Why Xamarin?

As you know there are two primary platforms for mobile development – Apple’s iOS and Google’s Android. Microsoft still leads in the productivity space and so some companies are developing for the #3 platform as well. The difficulty is that apps for each platform are built using different technologies and skill sets. Building apps for Apple devices requires you to use Objective-C or Swift, Android apps are built using Java and Windows apps using one of the languages that target the .NET platform.

The fact that different tools and programming languages need to be used for each platform means that an app has to be built from scratch for each new platform. For many companies this means building a team for each platform, which is not only expensive but makes it unlikely you’ll be able to share any of the code used to build the apps.  It also means you end up with somewhat different apps on each platform.

There have been several attempts to remedy this in the past. A few years ago Facebook announced that HTML5 was the answer – they would develop all of their apps using HTML5 and effectively wrap those apps in shells for each platform.  This would allow them to use one code base and one team for every platform. Unfortunately these apps were slower than native apps.  They also didn’t look like the native apps, they weren’t able to use the tab controls, switches and sliders from each platform.  Users were not happy and Facebook later abandoned this approach.

Which is where Xamarin comes in. Like the HTML5 approach Xamarin allows you to build just one app for multiple platforms using just one programming language and with just one team. Unlike the HTML5 approach, when Xamarin apps are compiled they produce native apps for each platform, so they’re fast. They also replace generic controls (e.g. a tab control) with a platform specific control, so they look like native apps. As a result, users can not tell the difference between apps built with Xamarin and apps built specifically for a platform.

So far, so good. So what else should you know before making a decision?

First of all, how much shared code you’ll have depends on the design decisions you make. There is always a layer of shared application code for things like local data storage, making web calls and proprietary application logic. At the user interface (UI) level you can also choose to share the majority of the code – which means your apps all look pretty similar – or you can choose to build highly customized UIs for each platform while still leveraging the shared application logic.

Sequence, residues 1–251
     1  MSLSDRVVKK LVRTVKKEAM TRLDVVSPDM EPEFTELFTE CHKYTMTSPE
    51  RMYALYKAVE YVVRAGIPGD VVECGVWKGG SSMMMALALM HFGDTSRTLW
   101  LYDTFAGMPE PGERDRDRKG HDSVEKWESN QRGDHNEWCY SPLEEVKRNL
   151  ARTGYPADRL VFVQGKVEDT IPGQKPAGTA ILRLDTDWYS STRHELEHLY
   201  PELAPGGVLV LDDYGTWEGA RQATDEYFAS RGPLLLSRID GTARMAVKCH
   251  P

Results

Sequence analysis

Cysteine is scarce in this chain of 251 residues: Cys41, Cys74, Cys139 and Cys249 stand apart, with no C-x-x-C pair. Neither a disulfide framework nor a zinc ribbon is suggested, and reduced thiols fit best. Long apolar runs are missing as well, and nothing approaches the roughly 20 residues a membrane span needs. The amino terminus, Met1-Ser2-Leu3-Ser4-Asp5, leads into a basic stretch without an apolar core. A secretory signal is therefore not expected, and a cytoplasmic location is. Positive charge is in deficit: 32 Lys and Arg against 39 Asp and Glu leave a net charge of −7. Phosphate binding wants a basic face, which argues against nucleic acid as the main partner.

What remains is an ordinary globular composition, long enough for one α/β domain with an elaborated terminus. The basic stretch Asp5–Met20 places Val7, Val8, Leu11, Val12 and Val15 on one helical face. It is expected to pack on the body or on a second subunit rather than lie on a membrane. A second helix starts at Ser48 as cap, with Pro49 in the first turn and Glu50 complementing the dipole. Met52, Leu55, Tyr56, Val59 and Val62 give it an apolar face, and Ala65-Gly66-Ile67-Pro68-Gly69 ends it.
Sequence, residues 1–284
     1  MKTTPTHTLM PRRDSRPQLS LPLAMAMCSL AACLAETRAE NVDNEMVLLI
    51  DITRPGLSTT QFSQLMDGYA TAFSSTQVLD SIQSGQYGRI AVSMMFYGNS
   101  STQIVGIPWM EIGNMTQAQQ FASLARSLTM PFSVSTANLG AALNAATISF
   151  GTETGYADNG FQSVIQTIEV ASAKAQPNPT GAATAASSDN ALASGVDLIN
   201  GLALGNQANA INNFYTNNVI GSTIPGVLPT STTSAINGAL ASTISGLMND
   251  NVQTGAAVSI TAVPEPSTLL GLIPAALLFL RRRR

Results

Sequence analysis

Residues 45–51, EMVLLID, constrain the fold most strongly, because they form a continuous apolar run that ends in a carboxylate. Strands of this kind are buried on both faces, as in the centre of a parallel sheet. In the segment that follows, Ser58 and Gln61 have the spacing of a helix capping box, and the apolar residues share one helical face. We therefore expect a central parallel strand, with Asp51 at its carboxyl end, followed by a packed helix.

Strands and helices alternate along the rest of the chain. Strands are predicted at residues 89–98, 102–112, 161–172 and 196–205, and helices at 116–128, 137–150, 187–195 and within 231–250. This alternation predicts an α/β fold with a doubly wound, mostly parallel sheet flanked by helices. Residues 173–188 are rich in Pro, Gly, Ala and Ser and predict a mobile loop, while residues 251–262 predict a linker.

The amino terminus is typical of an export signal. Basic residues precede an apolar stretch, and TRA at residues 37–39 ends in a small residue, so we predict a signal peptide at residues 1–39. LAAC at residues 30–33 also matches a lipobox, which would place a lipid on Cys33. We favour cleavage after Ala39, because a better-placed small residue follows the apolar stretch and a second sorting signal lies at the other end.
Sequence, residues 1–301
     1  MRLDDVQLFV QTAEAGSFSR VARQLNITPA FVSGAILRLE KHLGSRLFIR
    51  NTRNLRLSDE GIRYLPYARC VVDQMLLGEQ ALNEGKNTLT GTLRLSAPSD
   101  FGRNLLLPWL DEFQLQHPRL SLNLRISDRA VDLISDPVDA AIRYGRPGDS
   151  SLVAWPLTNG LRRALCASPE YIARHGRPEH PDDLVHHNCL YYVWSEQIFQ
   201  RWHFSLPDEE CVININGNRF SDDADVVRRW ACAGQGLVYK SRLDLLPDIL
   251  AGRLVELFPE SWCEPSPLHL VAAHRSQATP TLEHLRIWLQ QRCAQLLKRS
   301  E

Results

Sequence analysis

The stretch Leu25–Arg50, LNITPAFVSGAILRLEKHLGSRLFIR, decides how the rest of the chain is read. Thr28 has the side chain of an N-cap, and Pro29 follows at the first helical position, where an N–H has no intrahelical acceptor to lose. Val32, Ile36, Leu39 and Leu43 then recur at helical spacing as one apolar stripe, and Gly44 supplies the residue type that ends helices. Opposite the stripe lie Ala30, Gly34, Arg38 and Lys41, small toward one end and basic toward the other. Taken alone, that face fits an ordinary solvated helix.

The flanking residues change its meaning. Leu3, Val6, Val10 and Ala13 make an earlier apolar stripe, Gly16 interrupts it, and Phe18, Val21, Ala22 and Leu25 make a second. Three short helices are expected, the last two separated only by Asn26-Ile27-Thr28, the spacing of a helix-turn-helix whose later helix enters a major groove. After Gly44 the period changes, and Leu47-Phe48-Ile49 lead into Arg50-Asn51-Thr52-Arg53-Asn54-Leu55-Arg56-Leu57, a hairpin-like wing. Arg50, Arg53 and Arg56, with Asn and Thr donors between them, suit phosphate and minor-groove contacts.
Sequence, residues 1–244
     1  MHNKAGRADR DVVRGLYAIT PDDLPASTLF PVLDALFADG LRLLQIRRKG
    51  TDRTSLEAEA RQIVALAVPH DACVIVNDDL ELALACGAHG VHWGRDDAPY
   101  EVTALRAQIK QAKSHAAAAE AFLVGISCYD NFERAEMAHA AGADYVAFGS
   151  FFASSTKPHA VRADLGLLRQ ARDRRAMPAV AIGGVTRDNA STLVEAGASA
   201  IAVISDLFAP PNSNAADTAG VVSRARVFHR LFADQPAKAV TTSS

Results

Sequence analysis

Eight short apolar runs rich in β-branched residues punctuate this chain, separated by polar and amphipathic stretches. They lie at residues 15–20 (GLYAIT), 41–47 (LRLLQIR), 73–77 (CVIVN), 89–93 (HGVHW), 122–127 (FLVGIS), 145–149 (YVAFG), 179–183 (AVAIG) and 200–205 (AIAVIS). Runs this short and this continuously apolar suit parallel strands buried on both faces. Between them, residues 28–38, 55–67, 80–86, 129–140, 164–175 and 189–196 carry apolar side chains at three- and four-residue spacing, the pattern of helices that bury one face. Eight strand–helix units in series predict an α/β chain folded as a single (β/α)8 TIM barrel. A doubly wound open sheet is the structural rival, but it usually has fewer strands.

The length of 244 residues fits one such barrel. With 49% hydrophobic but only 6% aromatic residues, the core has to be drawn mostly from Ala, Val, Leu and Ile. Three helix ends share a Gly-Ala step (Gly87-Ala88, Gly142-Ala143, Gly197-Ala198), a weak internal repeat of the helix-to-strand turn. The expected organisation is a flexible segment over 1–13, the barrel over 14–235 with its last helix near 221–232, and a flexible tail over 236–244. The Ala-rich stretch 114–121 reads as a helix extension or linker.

You will need platform specific code to access some of the native functionality on devices. For example, if you want to allow users to take a photo of themselves you’ll have to use code that is specific for each platform to access the camera. The same would be true for accessing the GPS and the microphone. In some cases features only exist on one platform – like Live Tiles on Windows – and to take advantage of those you’ll write platform specific code. However, all of this platform specific code is still written in just one programming language and in my experience is a small percentage of the overall investment.

You should also be aware that there are not yet as many developers available who have experience building apps with Xamarin as there are who can build platform specific code. I don’t worry too much about this though, for two reasons. One is that Xamarin uses the C# programming language and there are lots and lots of C# developers in the world, so even if they’ve never used Xamarin the learning curve is minimal. Two, Xamarin is growing very quickly, has a pretty strong and growing community with active forums, third party control developers, user groups and the like.

We have developed platform specific apps and Xamarin apps and have found that Xamarin delivers on it’s promise. It allows us to get to market more quickly on multiple platforms at a lower cost, it reduces the cost of ongoing maintenance and we expect that it will only get better.